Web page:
With every new generation of gangs that crop up in Haiti, new lows inch further toward normalization. Gangs have plagued Port-au-Prince over the past two decades, but were often used for political means — such as voter suppression — by powerful politicians. But they have grown into a force that is now seemingly uncontrollable, thriving in the economic malaise and desperation that deepens every year, with independent gangs mushrooming across the capital.
While older, more established gangs trafficked in kidnapping or carrying out the will of their political patrons, newer gangs like “400 Mawozo” are raping women and recruiting children, forcing the youth in their neighborhood to beat up those they captured, training up a newer, more violent generation of members. Churches, once untouchable, are now a frequent target with priests kidnapped mid-sermon.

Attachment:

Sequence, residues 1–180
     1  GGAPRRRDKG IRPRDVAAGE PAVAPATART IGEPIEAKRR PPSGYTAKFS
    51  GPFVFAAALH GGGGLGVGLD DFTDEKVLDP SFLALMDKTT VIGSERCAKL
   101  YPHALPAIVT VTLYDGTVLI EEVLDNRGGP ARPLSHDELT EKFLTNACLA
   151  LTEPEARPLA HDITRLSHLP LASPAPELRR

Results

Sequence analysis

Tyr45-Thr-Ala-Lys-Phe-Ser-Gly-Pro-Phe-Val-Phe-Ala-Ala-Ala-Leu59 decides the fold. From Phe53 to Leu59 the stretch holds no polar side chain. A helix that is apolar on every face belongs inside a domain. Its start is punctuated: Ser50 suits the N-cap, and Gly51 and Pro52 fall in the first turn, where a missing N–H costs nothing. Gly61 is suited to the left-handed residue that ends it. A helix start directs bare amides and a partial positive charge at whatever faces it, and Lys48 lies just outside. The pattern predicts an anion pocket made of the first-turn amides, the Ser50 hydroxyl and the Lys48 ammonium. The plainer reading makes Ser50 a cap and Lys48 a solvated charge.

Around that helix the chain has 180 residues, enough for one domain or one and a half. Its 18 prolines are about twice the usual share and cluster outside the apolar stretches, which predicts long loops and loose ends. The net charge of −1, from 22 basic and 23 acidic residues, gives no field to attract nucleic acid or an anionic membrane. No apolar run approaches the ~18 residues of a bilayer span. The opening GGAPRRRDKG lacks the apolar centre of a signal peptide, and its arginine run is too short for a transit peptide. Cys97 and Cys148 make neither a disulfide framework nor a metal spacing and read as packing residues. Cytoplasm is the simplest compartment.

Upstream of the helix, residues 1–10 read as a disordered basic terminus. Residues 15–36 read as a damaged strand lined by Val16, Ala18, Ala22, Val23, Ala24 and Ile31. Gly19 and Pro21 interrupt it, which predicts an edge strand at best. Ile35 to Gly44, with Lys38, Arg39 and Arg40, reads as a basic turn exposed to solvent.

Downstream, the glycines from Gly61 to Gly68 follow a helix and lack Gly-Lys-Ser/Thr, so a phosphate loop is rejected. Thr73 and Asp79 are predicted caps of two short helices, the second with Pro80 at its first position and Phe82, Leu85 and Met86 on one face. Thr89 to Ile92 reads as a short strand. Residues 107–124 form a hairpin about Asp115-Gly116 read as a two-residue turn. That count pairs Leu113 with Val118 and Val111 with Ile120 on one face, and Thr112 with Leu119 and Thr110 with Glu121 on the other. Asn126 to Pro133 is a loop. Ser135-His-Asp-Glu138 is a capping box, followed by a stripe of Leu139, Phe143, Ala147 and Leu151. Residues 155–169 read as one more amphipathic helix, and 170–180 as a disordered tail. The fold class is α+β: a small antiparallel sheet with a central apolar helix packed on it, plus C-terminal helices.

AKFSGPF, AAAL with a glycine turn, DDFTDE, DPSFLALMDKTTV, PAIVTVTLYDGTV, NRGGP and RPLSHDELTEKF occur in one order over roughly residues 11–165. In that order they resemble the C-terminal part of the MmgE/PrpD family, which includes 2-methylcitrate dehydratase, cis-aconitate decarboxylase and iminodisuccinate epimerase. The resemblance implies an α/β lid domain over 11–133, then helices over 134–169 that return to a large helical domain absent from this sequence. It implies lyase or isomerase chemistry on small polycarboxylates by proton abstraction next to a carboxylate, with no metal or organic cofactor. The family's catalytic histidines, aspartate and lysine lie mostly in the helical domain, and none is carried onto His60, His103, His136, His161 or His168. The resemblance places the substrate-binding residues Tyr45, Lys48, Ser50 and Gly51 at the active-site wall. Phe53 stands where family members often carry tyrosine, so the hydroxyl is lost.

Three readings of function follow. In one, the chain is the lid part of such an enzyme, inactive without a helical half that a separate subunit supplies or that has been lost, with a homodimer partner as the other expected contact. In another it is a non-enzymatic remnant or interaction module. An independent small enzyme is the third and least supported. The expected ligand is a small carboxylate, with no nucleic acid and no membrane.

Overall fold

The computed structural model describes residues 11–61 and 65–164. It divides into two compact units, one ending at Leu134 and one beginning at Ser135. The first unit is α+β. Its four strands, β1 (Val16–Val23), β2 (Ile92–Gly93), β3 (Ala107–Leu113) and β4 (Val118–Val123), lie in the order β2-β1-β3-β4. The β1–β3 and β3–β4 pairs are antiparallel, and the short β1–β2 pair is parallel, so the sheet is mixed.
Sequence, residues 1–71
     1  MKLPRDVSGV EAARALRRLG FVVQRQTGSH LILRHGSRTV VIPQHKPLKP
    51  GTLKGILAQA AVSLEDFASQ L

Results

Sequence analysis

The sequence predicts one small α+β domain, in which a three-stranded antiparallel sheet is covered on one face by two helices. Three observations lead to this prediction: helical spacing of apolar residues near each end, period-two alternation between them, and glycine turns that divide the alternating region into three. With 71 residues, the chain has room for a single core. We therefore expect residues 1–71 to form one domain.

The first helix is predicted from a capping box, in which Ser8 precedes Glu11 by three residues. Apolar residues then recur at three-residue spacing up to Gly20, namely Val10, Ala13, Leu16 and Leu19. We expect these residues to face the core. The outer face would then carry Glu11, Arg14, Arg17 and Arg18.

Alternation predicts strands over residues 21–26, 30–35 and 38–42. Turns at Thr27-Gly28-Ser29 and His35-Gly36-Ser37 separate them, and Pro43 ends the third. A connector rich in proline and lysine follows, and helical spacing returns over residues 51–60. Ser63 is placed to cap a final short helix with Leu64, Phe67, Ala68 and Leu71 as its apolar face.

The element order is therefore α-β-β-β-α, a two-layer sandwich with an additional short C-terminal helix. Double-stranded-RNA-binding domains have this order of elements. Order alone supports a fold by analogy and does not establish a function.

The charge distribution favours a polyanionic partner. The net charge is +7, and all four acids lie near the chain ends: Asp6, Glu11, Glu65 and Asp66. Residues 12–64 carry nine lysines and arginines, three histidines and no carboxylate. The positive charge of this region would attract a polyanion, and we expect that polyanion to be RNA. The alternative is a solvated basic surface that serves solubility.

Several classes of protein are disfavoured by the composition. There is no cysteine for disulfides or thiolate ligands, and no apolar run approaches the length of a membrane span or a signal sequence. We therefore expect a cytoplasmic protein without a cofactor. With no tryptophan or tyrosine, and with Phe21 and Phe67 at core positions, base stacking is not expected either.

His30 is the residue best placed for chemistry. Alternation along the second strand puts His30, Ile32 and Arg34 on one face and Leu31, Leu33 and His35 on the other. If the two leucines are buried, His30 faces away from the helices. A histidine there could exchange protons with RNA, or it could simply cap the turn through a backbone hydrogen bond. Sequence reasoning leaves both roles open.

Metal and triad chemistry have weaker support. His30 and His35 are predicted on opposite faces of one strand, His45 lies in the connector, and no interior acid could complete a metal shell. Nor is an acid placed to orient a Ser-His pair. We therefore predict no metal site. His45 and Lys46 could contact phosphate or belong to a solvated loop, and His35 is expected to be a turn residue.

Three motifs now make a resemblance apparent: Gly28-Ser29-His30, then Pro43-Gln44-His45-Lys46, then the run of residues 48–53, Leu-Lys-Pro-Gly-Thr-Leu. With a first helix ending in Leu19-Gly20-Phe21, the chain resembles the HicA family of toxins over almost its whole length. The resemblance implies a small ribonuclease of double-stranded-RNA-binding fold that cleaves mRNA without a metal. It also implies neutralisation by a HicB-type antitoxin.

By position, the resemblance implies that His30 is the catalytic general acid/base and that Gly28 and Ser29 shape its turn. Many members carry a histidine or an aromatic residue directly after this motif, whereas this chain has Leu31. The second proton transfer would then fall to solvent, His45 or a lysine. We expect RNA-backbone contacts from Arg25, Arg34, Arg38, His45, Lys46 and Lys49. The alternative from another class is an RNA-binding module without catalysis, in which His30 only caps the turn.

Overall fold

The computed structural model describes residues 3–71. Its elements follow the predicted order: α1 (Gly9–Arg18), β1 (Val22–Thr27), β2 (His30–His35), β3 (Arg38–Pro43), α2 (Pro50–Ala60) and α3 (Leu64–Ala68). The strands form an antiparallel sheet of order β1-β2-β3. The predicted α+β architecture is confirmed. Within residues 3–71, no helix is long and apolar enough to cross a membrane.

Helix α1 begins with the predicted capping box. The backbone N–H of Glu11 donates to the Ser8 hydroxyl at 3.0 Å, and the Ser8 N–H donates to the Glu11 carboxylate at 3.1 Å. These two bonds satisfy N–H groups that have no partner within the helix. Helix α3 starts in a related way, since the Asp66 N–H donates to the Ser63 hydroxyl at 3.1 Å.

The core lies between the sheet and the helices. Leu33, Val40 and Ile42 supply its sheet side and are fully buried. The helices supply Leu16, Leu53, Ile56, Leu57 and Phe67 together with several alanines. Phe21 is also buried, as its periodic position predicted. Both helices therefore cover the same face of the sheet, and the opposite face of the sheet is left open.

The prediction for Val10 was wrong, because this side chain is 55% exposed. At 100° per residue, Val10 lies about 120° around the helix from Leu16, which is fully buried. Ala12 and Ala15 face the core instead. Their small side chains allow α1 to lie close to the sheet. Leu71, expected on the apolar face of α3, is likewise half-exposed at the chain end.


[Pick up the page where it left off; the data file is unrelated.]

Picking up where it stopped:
Locals are fed up with the violence, which prevents them from making a livelihood and prevents their children from attending school. Locals started a petition in recent days to protest the rising gang violence in the region, pointing to the 400 Mawozo gang and calling on the police to take action. The transportation industry has announced a general strike beginning Monday in Port-au-Prince to protest the gangs and insecurity.
“The violence suffered by the families has reached a new level in the horror,” the text of the petition reads. “Heavily armed bandits are no longer satisfied with current abuses, racketeering, threats and kidnappings for ransom. At the present time, criminals break into village homes at night, attack families and rape women.”
In April, the “400 Mawozo” gang abducted 10 people in Croix-des-Bouquets, including seven Catholic clergy members, five of them Haitian and two French. The entire group was eventually released by late April. The kidnappers had demanded a $1 million ransom, but it remains unclear if it had been paid.